I want to speak today about colonisation in the Pacific. I want to do so as an indigenous person of the Pacific, but I also want to acknowledge the significance of the date today – February 6, where we mark the Treaty between the New Zealand crown and the tangata whenua of Aotearoa. I want to acknowledge the iwi of Petone, the iwi of this rohe, te Atiawa, Ngati Toa. And I also want to acknowledge the bro, Te Kupu – it’s really important to organise initiatives like Waitangi Alert, for the simple fact that there have been a lot of nationalistic myths that have grown up around Waitangi about te Tiriti, and these are the myths that have passed down through our schooling system.

When I came out here in 1993 I went to Nelson College, and going through all the social studies, the history courses at secondary school, it’s an extremely sanitised version of New Zealand history and Pacific history. In fact we do not learn about Pacific history at all in secondary schools. We do not learn about colonial history particularly, from the point of view of indigenous peoples of the Pacific.

We learn history as told through the dominant viewpoint of Pakeha society, and we learn about colonisation being essentially a benign process, a process that is fraught with certain problems, but from a cost-benefit point of view, it washes out as fairly benign because it established a state that’s built on biculturalism, on an agreement between Maori and the European crown. That’s what we get taught at school.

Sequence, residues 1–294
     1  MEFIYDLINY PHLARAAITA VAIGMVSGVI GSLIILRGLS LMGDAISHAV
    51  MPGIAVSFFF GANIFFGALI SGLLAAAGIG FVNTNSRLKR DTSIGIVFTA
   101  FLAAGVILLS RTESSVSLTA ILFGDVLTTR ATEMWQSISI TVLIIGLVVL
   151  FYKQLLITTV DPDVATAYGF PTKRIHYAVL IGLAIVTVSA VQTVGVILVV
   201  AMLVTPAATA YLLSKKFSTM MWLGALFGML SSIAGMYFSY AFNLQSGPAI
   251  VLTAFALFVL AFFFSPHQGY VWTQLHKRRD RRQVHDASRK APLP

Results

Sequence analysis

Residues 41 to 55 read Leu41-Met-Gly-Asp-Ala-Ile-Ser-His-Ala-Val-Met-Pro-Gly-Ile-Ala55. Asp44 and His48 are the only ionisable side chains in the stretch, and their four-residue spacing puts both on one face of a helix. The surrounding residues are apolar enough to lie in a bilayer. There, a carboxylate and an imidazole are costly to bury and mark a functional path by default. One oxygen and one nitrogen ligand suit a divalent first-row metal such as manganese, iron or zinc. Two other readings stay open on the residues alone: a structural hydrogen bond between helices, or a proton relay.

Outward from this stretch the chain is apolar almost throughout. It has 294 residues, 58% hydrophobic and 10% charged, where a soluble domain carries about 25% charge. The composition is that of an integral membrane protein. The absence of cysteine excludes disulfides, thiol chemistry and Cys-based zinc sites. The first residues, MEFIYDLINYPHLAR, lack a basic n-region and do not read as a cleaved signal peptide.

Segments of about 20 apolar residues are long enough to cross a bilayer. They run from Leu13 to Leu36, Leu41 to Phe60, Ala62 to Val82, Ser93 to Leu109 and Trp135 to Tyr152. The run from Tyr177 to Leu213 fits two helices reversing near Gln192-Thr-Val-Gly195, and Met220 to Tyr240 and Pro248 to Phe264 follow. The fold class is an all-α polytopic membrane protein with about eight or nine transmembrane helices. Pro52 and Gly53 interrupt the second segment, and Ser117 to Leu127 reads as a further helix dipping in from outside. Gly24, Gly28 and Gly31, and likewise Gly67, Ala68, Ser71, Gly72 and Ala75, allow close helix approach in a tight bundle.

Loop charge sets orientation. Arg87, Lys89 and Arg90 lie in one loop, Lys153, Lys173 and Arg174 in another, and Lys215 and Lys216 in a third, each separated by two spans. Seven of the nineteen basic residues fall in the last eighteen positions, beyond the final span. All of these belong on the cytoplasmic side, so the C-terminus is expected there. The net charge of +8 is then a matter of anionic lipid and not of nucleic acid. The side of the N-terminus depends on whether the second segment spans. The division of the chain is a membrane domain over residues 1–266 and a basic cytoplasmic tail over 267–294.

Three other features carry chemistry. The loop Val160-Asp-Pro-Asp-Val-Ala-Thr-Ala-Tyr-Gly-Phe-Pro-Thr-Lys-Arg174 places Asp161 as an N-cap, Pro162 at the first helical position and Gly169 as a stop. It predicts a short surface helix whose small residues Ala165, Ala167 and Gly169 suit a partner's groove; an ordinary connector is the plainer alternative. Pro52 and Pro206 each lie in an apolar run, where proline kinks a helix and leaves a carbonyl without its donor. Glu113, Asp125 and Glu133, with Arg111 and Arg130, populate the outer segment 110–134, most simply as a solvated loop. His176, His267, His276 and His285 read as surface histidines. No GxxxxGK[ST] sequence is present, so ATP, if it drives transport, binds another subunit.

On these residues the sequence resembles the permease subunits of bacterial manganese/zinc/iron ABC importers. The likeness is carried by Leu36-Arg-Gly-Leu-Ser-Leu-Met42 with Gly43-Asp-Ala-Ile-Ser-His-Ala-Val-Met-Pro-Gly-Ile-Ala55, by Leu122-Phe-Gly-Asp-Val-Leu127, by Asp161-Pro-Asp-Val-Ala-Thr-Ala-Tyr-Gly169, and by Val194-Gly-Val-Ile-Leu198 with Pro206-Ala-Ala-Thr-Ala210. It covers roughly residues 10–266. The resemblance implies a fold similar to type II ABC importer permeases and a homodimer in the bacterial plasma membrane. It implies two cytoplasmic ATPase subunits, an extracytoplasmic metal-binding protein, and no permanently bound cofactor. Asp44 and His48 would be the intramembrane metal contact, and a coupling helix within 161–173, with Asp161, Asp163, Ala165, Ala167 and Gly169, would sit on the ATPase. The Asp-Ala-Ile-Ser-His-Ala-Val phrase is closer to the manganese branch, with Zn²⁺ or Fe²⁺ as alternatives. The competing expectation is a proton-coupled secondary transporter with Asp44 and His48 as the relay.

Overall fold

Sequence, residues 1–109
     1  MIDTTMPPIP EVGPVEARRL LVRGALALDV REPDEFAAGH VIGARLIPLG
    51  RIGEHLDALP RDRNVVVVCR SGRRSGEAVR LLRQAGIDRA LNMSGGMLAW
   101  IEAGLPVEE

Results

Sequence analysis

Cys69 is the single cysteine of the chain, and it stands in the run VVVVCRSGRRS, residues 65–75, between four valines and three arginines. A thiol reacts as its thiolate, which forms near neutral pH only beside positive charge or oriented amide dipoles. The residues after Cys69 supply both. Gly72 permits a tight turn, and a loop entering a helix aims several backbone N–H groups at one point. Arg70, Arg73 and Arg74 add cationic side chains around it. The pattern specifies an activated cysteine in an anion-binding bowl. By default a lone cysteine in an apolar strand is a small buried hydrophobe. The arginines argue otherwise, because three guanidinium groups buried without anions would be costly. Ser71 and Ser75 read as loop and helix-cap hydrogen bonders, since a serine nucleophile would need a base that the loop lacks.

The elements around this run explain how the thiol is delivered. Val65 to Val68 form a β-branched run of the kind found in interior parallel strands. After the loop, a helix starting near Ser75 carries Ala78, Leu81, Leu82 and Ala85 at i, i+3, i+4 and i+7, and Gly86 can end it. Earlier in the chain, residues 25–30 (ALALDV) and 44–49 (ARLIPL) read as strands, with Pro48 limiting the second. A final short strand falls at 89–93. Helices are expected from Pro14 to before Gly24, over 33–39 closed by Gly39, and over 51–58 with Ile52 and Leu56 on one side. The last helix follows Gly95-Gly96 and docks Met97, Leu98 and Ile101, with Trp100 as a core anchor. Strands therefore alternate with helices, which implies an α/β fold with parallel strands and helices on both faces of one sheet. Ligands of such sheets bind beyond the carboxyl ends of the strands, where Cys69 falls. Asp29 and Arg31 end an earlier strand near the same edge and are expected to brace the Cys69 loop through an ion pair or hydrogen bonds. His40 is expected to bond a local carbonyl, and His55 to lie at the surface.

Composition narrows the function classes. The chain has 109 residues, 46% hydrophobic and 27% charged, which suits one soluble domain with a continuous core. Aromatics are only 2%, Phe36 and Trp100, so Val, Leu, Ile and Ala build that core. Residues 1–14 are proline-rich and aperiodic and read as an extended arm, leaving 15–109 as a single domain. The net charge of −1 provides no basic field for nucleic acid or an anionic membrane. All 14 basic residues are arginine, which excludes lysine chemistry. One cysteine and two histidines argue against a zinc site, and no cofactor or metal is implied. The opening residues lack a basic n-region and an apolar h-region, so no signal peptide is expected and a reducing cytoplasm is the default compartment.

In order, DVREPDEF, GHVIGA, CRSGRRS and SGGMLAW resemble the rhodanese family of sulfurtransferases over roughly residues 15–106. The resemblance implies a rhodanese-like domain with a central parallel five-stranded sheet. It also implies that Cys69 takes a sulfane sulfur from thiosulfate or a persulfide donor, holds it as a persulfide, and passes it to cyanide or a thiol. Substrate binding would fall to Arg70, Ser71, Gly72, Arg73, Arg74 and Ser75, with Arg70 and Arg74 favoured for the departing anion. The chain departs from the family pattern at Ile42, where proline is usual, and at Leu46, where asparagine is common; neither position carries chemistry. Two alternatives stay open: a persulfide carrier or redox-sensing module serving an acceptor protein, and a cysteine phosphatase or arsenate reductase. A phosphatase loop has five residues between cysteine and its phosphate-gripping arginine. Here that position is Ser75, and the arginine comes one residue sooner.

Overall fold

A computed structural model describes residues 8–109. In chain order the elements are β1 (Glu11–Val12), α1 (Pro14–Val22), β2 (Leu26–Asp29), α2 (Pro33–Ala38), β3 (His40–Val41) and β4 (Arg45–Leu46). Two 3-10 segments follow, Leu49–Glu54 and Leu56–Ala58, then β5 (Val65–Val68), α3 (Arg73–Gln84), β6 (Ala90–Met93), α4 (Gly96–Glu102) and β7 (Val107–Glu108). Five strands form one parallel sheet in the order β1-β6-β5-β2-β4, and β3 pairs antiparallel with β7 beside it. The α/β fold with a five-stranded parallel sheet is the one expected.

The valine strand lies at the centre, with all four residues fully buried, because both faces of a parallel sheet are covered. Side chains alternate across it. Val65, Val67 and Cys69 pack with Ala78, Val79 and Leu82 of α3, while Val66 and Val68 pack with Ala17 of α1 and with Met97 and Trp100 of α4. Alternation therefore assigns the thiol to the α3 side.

From an educational standpoint though, it’s always really important to question dominant narratives. It’s not really a true education if you get told a certain view of history and you are not given the tools to question the underlying values that that narrative is based on and also the underlying viewpoints. There are different ways of interpreting history, and a properly critical educational experience has to expose students to these multiple perspectives. And we do not get that at school. We do not get that at secondary school, we do not even get that in tertiary education, unless of course you are lucky enough to come across an exceptional teacher who takes the liberal arts and the ethos of the humanities seriously. These are all about critical thinking, critical analysis and exposure to different perspectives.